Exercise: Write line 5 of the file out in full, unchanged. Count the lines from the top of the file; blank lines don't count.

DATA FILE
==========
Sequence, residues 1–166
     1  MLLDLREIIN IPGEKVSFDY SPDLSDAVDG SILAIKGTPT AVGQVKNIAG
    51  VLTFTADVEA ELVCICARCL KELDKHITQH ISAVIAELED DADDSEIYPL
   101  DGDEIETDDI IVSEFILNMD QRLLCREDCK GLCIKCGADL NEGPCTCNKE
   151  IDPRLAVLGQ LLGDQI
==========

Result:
   151  IDPRLAVLGQ LLGDQI